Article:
The Google Book Search Project, Lawsuit, and Settlement
New York, NY (PRWEB) September 29, 2009
New York Law School's Institute for Information Law & Policy will hold a three-day conference, "D Is for Digitize," which will cover the controversial Google Book Search lawsuit and proposed settlement from A to Z. The conference will be held from October 8 to 10 at the Law School's new building, located at 185 West Broadway.
The conference is organized by Professor James Grimmelmann, an expert on copyright and the Authors Guild v. Google lawsuit, in which authors and publishers sued Google for copyright infringement for scanning millions of books from the collections of major libraries. The proposed settlement, which is currently being renegotiated, would authorize Google to sell electronic versions of those books. Professor Grimmelmann's article "How to Fix the Google Book Search Settlement" is the most frequently cited and discussed analysis of the proposed settlement. He is also the creator of the Public Index Web site of information on the settlement.
"With the parties redrafting the settlement, now is the time for public discussion of what the revised version should say," Professor Grimmelmann said. "D Is for Digitize will bring together leading experts from all points of view for a full, respectful, and open dialogue."
The conference will feature an interdisciplinary lineup of academics and practitioners who will examine the settlement through the lenses of civil procedure, the publishing industry, literary culture, information policy, copyright, and antitrust. In addition to Professor Grimmelmann, other expert panelists include Dan Clancy, Engineering Director of the Google Book Search project and Gary Reback, prominent anti-trust lawyer with Carr & Ferrell LLP. The conference will be keynoted by Paul Courant of the University of Michigan and Pamela Samuelson of the University of California at Berkeley. For a full list of speakers, click here.
Thursday will feature pre-conference tutorials of interest to New York's vibrant publishing industry; "The Google Book Search Project, Lawsuit, and Settlement" and "The Controversy Is Context," will explain the provisions of the proposed settlement and their associated legal issues in detail. CLE credit is available for both sessions. The day's events begin at 12:30 p.m. The main conference will begin at 9:00 a.m. on Friday and 9:30 a.m. on Saturday. For a full schedule and list of panels, click here.
The cost of Thursday's tutorials are $50.00 for professionals and $25.00 for academic, non-profit, and self-employed attendees. CLE credit is available for an additional fee of $120.00 ($40.00 a credit, three credits are being offered). CLE credit is non-transitional. The cost of the main conference (individual days cannot be purchased separately) on Friday and Saturday is $200.00 for professionals and $100.00 for academic, non-profit, and self-employed attendees.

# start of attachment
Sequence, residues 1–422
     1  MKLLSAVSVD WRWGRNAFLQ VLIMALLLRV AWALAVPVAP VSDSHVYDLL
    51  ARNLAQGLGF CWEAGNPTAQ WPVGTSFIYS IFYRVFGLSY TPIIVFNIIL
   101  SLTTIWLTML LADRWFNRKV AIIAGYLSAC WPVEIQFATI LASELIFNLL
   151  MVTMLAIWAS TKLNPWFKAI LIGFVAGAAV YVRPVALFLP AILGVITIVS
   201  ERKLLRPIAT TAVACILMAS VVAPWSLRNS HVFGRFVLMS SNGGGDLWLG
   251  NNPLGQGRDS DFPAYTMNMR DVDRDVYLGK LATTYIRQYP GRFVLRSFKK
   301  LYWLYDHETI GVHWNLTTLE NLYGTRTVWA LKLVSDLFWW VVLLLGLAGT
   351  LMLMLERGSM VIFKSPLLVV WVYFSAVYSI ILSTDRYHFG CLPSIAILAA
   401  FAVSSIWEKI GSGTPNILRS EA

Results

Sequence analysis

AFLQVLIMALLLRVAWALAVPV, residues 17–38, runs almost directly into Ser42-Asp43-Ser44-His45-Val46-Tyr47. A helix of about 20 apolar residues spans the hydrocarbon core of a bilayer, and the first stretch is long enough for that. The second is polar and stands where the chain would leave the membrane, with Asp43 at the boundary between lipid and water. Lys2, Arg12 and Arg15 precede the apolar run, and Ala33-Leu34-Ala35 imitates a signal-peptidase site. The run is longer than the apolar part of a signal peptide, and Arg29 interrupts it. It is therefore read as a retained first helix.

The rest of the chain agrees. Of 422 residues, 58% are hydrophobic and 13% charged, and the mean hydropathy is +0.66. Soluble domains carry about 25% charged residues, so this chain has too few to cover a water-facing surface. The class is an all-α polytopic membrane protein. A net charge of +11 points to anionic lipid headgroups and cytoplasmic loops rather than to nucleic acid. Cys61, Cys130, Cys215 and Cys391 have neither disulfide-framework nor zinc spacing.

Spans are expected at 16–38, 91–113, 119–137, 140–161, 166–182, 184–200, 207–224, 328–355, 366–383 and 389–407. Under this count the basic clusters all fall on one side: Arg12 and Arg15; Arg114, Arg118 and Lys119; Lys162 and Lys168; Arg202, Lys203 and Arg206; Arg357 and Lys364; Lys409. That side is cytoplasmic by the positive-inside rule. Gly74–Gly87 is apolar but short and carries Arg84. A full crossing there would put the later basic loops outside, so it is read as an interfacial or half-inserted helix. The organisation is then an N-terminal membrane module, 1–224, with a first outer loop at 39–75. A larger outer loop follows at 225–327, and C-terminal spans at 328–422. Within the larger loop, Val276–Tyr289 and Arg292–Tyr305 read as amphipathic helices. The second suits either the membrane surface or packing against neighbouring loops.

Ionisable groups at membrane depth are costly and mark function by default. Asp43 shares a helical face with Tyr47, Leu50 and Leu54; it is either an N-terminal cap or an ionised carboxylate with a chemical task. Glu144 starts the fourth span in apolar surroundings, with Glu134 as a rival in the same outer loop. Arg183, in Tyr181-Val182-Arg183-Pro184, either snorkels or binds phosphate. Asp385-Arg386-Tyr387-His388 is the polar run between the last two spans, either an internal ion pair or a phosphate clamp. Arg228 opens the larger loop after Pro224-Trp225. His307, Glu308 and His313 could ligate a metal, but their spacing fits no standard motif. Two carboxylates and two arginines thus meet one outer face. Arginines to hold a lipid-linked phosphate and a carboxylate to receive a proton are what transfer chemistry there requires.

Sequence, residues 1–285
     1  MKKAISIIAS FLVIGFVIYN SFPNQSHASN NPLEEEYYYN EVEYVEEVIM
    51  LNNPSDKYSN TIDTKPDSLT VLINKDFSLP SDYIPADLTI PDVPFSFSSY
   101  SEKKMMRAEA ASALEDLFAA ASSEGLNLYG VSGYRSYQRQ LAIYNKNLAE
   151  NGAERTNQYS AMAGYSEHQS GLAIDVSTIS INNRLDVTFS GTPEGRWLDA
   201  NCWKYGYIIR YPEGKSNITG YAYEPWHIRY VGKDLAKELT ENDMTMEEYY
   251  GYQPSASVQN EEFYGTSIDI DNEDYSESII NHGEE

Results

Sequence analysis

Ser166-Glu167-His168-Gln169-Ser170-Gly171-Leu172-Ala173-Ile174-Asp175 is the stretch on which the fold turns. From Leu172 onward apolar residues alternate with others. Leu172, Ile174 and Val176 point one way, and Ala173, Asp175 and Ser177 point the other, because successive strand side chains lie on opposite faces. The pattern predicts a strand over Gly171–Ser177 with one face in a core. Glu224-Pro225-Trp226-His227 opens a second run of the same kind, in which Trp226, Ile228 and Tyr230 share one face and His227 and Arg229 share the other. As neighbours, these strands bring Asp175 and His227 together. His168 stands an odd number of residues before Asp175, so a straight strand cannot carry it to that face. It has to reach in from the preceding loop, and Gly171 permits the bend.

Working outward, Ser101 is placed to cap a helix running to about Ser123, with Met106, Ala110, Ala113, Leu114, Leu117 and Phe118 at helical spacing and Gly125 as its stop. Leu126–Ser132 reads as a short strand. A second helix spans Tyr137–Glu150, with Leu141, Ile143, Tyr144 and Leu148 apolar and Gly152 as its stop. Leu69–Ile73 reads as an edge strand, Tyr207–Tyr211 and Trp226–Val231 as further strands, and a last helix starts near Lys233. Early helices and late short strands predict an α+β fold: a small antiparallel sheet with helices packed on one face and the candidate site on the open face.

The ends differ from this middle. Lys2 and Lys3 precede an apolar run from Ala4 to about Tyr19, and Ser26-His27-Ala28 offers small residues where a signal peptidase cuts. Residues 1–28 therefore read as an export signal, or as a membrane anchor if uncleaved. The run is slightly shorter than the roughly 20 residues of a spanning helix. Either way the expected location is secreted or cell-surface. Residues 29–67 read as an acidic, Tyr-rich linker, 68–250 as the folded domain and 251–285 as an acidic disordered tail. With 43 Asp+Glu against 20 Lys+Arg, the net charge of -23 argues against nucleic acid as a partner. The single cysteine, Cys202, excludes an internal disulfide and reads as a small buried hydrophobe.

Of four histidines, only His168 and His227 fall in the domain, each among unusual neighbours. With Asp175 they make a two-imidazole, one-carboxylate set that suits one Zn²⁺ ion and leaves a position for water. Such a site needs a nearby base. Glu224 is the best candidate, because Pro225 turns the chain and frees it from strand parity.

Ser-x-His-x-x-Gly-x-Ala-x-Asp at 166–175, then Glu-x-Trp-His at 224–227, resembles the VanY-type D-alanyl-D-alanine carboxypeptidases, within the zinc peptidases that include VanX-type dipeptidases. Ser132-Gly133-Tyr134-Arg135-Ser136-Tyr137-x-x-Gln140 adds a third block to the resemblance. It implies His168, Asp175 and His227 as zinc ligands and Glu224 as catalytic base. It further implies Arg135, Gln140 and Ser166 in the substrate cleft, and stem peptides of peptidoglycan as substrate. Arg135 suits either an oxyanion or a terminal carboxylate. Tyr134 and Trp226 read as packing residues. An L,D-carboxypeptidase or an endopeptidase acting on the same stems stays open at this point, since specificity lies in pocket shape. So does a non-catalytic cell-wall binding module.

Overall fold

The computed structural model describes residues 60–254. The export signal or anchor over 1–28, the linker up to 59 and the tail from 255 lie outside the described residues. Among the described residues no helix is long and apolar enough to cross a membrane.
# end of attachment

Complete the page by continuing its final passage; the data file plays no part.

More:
To register for the conference online, please visit: http://www.regonline.com/disfordigitize. For more information, please call the Institute for Information Law & Policy at 212.431.2368 or e-mail booksearch at nyls dot edu.
Press should contact Nancy Guida or LaToya Jordan in the New York Law School Marketing and Communications Office at 212.431.2872 for credentials. Professor Grimmelmann will be available for one-on-one interviews on Friday, October 9 at 6:00 p.m. and Saturday at 1:30 p.m. after the conference ends.
About New York Law School
Founded in 1891, New York Law School is an independent law school located in lower Manhattan near the city's centers of law, government, and finance. New York Law School's renowned faculty of prolific scholars has built the School's strength in such areas as constitutional law, civil and human rights, labor and employment law, media and information law, urban legal studies, international and comparative law, and a number of interdisciplinary fields. The School is noted for its eight academic centers: Center on Business Law & Policy, Center on Financial Services Law, Center for International Law, Center for New York City Law, Center for Professional Values and Practice, Center for Real Estate Studies, Institute for Information Law & Policy, and Justice Action Center. New York Law School has more than 13,000 graduates and enrolls some 1,500 students in its full- and part-time J.D. program and its four advanced degree programs in financial services law, real estate, tax, and mental disability law studies. http://www.nyls.edu
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